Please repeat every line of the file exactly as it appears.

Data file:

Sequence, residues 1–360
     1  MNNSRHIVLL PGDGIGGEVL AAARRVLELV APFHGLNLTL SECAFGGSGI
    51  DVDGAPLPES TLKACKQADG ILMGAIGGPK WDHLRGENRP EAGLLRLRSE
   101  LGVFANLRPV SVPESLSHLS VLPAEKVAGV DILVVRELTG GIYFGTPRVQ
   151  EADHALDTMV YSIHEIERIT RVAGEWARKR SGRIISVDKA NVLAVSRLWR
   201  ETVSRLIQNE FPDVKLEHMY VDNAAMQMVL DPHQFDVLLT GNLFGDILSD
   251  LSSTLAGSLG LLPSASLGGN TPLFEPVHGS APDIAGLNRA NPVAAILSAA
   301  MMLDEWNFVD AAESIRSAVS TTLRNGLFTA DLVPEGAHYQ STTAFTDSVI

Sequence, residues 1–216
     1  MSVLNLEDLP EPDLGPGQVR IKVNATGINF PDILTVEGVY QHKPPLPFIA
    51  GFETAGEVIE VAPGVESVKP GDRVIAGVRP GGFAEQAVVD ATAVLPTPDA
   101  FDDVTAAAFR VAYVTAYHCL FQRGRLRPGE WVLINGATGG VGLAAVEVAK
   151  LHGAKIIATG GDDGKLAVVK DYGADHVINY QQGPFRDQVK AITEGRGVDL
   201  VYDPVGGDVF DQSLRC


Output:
Sequence, residues 1–360
     1  MNNSRHIVLL PGDGIGGEVL AAARRVLELV APFHGLNLTL SECAFGGSGI
    51  DVDGAPLPES TLKACKQADG ILMGAIGGPK WDHLRGENRP EAGLLRLRSE
   101  LGVFANLRPV SVPESLSHLS VLPAEKVAGV DILVVRELTG GIYFGTPRVQ
   151  EADHALDTMV YSIHEIERIT RVAGEWARKR SGRIISVDKA NVLAVSRLWR
   201  ETVSRLIQNE FPDVKLEHMY VDNAAMQMVL DPHQFDVLLT GNLFGDILSD
   251  LSSTLAGSLG LLPSASLGGN TPLFEPVHGS APDIAGLNRA NPVAAILSAA
   301  MMLDEWNFVD AAESIRSAVS TTLRNGLFTA DLVPEGAHYQ STTAFTDSVI

Sequence, residues 1–216
     1  MSVLNLEDLP EPDLGPGQVR IKVNATGINF PDILTVEGVY QHKPPLPFIA
    51  GFETAGEVIE VAPGVESVKP GDRVIAGVRP GGFAEQAVVD ATAVLPTPDA
   101  FDDVTAAAFR VAYVTAYHCL FQRGRLRPGE WVLINGATGG VGLAAVEVAK
   151  LHGAKIIATG GDDGKLAVVK DYGADHVINY QQGPFRDQVK AITEGRGVDL
   201  VYDPVGGDVF DQSLRC